WASHINGTON (AP) — The Pentagon will deploy more than 1,100 troops to five vaccination centers in what will be the first wave of increased military support for the White House campaign to get more Americans inoculated against COVID-19.
BOSTON (AP) — Six Dr. Seuss books — including “And to Think That I Saw It on Mulberry Street” and “If I Ran the Zoo” — will stop being published because of racist and insensitive imagery, the business that preserves and protects the author’s legacy said Tuesday.
DETROIT (AP) — A billionaire businessman whose companies have invigorated Detroit’s downtown announced a $500 million fund to improve neighborhoods on Thursday, starting with $15 million that will pay off the property tax debt of 20,000 of the city’s poorest homeowners.
BAGHDAD (AP) — War kept him away from his beloved homeland for decades. Now, virtuoso oud player Naseer Shamma hopes to help rebuild conflict-scarred Iraq through a series of concerts and other projects to support culture and education.
DENVER (AP) — On the eve of the 80th anniversary of the forced internment of 120,000 Japanese Americans at the onset of World War II, Republican U.S. Sen. Mike Lee of Utah is getting backlash for holding up the creation of a national historic site at a former internment camp in rural Colorado.
ST. LOUIS (AP) — The filters distributed in Benton Harbor, Michigan during the city’s recent lead water crisis worked properly, according to a study state officials said was conducted to give residents assurance.
FRANKFORT, Ky. (AP) — Kentucky’s Democratic governor on Wednesday vetoed a bill that would bar transgender girls and women from participating in school sports matching their gender identity from sixth grade through college.
NEW YORK (AP) — Pride parades kicked off in New York City and around the country Sunday with glittering confetti, cheering crowds, fluttering rainbow flags and newfound fears about losing freedoms won through decades of activism.
PORTLAND, Ore. (AP) — A potential constitutional crisis is looming over the actions of federal officers at protests in Oregon’s largest city that have been hailed by President Donald Trump but were done without local consent. The standoff could escalate there and elsewhere as Trump says he plans to send federal agents to other cities, too.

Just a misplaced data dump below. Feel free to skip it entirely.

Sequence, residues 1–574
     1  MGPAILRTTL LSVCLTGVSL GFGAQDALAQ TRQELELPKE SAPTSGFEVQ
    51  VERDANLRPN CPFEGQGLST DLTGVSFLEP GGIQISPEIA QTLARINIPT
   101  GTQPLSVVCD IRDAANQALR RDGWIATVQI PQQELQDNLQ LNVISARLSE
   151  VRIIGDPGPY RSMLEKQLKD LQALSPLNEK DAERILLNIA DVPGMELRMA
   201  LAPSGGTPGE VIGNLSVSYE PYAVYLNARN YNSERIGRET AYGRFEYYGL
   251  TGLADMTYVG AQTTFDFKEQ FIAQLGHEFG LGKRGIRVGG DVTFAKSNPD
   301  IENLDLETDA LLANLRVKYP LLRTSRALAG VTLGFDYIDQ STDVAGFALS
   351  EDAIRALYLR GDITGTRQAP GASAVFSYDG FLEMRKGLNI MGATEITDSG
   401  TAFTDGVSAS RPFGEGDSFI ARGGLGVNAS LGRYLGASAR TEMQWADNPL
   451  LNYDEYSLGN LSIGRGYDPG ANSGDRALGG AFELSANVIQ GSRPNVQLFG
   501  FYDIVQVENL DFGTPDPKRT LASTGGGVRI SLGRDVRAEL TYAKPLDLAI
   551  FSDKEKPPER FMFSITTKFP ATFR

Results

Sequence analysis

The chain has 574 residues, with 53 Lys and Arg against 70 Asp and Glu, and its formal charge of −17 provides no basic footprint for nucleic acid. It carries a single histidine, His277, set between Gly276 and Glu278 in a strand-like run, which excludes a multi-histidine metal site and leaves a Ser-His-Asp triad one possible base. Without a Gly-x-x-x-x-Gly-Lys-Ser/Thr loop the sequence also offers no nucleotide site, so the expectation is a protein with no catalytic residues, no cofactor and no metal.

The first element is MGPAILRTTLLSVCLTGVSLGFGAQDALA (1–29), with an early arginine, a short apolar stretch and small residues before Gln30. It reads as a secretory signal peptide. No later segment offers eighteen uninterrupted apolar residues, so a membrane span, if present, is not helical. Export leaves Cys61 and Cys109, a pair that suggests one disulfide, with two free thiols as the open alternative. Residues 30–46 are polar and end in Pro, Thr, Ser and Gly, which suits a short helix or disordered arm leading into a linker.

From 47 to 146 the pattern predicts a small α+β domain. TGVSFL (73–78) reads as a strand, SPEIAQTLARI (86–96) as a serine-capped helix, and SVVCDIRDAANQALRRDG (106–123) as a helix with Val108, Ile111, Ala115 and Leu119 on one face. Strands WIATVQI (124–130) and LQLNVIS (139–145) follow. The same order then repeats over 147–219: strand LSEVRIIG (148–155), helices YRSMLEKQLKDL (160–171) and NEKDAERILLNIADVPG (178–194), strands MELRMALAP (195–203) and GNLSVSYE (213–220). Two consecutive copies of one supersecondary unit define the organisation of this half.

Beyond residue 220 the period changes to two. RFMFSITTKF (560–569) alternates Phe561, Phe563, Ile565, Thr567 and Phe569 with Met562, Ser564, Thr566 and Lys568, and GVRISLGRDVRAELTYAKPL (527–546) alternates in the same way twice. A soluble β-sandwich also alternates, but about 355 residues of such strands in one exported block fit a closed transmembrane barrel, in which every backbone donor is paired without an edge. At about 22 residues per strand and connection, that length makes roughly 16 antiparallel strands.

JACKSON, Miss. (AP) — Magnolias and stars. Crosses and guitars. Beer cans and crawfish. A Gulf Coast lighthouse. Elvis Presley and Kermit the Frog. All appear on proposals the general public submitted for a new Mississippi flag.
ROME (AP) — Italy produced 10% less garbage during its coronavirus lockdown, but environmentalists warn that increased reliance on disposable masks and packaging is imperiling efforts to curb single-use plastics that end up in oceans and seas.
ANN ARBOR, Mich. (AP) — Perry Porikos sat in the street outside one of his five businesses, in a makeshift patio area that didn’t exist before the COVID-19 pandemic sent his best customers — University of Michigan students — back home in mid-March.
NASHVILLE, Tenn. (AP) — In the early 2000s, a harvest of pine trees on Tennessee’s Cumberland Plateau led to a remarkable discovery. Once sunlight hit the ground, the seeds and rootstock of native grasses and wildflowers that had lain dormant for decades began to spring to life.
ATLANTA (AP) — Georgia’s state Board of Education balked Thursday at a plan to make standardized tests statistically meaningless for public high school students’ grades this year, in an hourslong clash that shows many board members disagree with state Superintendent Richard Woods’ efforts to dismantle Georgia’s system of grading students, schools and teachers.
WASHINGTON (AP) — Public relations firms hired by the Department of Health and Human Services vetted political views of hundreds of celebrities for a planned $250 million ad blitz aimed at portraying President Donald Trump’s response to the coronavirus outbreak in a positive light, according to documents released Thursday by a House committee.